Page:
Developing leaders

PETERSON AFB, Colo. -- Today our Air Force is on a glide slope to be roughly the same size as we were in 1947 when we became independent of the Army.

With such a small force, it is absolutely imperative that we focus on developing Airmen leaders at all levels of our service. In fact, developing and caring for our Airmen and their families is one of three specific priorities used to judge every choice our Air Force makes to maintain our competitive advantage. When each of us raised our hands and took the oath, we identified ourselves as leaders. It is up to us to develop and mentor our Airman at all levels in order to successfully accomplish our mission.

Nowhere is this strategy more apparent than right here in the 21st Space Wing. On July 5, I met several Airmen within the 21st Operations Group who are taking our Air Force to a higher level of performance. Tech. Sgt. Cliff Cecil of the 21st Operations Support Squadron, wing lead for the Upgraded Early Warning Radar system, really makes a difference. Master Sgt. Niki Beard, first sergeant for the 76th Space Control Squadron, provides outstanding support for the entire "Vanguard" team and their family members. Maj. Jeff Bell, an Air Force Reserve member assigned to the 18th SPCS, makes great things happen, not only as a flight commander, but also as a fill-in maintenance officer for the 16th SPCS.

This past week, Chief Master Sgt. Tim Omdal, 21st SW command chief, and I spent a day focusing on our enlisted force. We started out in the morning and ate breakfast with the wing's first sergeants. At the First Term Airman Center, I met Master Sgt. Kristin Clark, a career assistance advisor who has transformed her role into one of developing Airmen and officers of all ranks. At the Airman Leadership School, I was introduced to Master Sgt. Tami Toma and her three instructors, each dedicated to developing our most critical leaders - front line supervisors.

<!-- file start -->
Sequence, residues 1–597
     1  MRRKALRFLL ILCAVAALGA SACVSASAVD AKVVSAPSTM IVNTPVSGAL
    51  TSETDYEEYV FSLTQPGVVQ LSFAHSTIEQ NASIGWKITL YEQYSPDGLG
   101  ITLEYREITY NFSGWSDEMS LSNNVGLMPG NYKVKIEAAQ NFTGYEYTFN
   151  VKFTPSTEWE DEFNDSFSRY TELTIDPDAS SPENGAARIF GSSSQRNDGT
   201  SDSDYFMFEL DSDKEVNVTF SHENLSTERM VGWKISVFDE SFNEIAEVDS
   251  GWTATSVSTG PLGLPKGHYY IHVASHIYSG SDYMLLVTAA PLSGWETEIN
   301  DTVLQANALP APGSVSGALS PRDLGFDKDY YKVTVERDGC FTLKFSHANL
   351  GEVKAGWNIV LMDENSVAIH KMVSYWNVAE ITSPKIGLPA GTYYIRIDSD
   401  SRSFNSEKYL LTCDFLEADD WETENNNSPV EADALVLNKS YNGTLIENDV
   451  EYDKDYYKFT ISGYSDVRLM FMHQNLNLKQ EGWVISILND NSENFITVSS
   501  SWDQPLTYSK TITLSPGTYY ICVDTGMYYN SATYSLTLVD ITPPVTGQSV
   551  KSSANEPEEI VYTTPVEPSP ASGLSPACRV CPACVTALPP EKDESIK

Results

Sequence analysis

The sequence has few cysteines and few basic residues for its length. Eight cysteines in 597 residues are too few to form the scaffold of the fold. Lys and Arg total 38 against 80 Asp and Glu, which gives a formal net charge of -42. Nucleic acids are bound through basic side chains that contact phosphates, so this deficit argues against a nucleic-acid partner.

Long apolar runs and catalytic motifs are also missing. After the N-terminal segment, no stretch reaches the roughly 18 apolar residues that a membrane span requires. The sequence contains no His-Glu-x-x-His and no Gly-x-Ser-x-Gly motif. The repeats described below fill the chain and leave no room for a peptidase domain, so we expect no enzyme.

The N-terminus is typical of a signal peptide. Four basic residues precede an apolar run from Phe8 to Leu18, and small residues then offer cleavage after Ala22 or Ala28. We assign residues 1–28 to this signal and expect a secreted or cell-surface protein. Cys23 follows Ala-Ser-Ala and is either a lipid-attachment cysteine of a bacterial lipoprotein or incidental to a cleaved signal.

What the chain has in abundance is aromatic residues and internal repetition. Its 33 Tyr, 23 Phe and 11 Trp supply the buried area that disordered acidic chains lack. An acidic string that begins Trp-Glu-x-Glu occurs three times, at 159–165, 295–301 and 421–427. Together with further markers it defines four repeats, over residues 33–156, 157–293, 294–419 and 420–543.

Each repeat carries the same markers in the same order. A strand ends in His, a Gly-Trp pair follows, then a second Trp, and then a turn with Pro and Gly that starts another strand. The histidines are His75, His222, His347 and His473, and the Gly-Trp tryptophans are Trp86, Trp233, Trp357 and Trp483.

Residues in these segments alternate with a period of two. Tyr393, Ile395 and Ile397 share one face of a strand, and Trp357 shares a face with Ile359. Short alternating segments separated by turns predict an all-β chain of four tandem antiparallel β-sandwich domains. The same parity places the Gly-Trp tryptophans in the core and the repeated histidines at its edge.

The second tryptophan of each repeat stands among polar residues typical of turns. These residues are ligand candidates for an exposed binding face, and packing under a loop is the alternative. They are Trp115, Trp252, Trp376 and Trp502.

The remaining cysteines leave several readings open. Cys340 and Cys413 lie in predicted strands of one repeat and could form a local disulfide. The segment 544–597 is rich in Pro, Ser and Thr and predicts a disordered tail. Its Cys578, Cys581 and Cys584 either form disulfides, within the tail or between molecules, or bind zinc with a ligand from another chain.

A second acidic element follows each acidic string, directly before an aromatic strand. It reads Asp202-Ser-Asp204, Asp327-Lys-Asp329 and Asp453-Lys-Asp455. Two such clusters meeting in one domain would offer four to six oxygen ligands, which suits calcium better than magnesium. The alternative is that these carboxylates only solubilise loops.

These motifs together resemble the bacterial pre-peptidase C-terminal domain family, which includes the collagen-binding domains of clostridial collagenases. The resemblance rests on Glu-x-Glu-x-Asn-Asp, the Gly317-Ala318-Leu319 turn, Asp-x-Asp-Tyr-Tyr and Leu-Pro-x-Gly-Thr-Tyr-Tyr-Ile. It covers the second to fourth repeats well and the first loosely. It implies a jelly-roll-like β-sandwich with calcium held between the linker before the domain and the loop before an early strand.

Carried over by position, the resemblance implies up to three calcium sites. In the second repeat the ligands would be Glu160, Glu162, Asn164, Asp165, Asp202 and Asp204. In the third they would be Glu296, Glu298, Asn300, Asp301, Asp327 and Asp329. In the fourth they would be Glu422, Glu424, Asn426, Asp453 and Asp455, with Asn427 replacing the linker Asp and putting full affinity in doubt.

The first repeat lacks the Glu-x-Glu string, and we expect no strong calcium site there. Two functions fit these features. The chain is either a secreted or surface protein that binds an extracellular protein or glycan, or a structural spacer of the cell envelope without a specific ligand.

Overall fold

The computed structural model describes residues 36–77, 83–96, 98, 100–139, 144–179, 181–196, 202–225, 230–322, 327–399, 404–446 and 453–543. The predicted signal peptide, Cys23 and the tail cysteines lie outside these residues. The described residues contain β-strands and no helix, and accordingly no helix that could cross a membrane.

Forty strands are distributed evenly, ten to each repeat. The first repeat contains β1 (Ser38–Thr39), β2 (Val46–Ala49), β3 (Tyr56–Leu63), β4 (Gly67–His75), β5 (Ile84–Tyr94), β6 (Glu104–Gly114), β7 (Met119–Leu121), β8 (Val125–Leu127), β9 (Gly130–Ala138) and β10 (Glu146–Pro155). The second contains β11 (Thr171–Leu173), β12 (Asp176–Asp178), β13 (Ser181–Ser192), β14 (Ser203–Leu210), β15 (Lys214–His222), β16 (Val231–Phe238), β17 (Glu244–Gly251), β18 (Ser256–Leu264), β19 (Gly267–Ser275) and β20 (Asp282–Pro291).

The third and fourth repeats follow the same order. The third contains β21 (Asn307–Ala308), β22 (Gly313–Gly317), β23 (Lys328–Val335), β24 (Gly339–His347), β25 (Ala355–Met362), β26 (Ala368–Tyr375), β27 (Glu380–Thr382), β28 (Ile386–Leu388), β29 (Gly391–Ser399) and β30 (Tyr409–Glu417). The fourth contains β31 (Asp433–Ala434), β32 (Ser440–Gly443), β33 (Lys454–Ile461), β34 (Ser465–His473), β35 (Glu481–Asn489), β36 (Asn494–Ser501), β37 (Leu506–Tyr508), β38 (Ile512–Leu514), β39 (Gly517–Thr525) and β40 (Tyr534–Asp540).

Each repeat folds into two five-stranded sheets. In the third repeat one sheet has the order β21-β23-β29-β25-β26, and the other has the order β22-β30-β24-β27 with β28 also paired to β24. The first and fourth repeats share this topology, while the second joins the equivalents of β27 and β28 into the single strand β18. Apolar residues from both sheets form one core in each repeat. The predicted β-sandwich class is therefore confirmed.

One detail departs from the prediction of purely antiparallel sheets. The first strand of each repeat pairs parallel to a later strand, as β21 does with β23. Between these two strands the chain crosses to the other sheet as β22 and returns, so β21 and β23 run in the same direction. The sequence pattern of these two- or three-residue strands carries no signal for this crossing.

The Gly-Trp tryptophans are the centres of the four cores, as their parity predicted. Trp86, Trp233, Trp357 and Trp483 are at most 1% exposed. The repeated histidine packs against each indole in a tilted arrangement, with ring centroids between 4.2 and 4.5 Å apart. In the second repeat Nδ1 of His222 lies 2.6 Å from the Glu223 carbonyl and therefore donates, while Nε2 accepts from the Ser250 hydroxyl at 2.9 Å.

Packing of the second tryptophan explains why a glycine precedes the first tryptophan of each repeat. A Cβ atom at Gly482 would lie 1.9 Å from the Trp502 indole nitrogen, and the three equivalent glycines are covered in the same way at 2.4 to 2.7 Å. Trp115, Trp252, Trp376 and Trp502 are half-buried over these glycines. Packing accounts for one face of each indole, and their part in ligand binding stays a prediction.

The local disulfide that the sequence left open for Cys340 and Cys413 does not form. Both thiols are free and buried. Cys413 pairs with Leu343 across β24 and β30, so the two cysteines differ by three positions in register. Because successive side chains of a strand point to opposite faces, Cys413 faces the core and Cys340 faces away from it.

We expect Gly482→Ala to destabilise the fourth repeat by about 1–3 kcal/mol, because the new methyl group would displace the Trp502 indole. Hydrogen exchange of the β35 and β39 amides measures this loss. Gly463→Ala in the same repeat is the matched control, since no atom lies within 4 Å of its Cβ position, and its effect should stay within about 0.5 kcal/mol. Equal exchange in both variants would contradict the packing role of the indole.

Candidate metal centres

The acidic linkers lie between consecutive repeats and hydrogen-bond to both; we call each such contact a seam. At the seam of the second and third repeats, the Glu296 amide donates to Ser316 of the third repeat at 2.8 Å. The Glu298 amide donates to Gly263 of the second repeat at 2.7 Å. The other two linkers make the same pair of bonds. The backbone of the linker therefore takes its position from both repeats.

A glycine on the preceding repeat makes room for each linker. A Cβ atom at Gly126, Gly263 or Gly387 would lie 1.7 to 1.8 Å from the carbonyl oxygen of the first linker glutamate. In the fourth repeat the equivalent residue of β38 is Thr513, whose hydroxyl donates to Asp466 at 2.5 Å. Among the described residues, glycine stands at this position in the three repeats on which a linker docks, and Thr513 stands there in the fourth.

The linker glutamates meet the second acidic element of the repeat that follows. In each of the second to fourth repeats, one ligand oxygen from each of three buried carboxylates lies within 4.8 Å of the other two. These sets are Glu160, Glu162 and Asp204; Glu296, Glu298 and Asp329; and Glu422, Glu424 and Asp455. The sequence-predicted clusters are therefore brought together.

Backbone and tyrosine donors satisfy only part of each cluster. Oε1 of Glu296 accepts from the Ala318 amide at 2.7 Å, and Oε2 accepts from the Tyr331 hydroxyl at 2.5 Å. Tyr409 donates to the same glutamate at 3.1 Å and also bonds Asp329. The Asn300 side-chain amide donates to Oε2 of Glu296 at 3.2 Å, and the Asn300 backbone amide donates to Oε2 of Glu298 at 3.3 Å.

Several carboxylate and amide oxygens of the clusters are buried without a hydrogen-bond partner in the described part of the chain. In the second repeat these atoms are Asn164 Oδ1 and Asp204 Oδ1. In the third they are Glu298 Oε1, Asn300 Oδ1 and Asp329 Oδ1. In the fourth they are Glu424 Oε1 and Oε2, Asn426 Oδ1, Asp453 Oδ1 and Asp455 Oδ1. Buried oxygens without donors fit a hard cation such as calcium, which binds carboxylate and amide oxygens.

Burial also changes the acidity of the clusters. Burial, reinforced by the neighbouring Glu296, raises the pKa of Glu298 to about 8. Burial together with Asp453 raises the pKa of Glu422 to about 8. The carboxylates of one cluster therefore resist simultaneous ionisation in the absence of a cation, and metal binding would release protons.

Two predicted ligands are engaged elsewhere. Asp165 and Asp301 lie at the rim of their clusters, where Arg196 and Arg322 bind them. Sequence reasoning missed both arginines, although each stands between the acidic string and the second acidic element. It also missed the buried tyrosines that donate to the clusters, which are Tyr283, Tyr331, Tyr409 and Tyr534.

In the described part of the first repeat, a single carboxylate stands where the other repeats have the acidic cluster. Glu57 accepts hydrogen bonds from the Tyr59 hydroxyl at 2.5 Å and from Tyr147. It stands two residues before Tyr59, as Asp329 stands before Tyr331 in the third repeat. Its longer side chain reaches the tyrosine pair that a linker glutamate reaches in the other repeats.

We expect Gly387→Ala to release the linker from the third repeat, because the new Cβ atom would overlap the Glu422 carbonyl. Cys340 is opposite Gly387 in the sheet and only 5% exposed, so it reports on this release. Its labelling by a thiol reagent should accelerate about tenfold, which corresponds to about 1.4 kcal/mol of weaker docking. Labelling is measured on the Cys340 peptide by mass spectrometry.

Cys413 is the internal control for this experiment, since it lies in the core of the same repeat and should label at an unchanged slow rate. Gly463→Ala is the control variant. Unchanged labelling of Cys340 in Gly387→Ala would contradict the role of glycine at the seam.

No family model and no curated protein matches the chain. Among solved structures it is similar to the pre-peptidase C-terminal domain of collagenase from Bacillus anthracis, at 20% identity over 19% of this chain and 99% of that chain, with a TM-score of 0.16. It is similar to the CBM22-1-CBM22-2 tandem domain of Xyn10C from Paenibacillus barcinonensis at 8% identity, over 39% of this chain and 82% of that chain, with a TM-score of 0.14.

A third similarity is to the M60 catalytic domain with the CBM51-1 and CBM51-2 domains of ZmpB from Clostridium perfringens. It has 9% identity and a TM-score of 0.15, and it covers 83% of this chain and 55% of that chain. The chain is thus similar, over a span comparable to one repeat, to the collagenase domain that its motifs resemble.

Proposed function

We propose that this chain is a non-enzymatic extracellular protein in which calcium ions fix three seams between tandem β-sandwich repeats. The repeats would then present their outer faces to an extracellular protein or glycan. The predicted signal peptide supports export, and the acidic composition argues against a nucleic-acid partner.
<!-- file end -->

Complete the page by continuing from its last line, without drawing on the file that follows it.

Next, I ate lunch with Senior Airman Garret Smith, a contracting specialist with the 21st Contracting Squadron, who is clearly among the top-tier performers in our wing. At the NCO Academy, I talked with Chief Master Sgt. Thomas Young who, on his 40th birthday, walked me through the curriculum that our technical sergeants receive when they attend that school.

Later in the day, I met Senior Airman David Holman of the 21st Medical Group. Airman Holman leads the Dormitory Council and is also a dorm chief. At the end of the day, I spoke with Tech. Sgt. Melissa Hargis, 21st MG, who is heavily involved in the Air Force Sergeants Association and the Junior Enlisted Association. Her civic involvement and mentorship to the enlisted force clearly show her desire to develop and care for all Airmen and their families.

That evening we ate dinner with the deployed spouses at the chapel and it was a superb event. Thanks to Master Sgt. Kurt Stoefen and the Peterson First Sergeants for leading the effort. One of the key missions our wing performs is deploying expeditionary Airman and a vital part of that is taking care of the families that remain behind. All of these Team Peterson warriors exemplify the concept of developing their abilities, recognizing their full potential, and helping others grow in a similar fashion.

There are plenty of opportunities available on Peterson to develop as Airmen and leaders. A few closing thoughts ... first, never pass up an opportunity to lead - our wing needs leaders at all levels. Second, take advantage of the opportunities offered on base; remember, it's Professional Military Education (PME), not Optional Military Education. Finally, be a mentor. Help develop those that will take your place in our Air Force.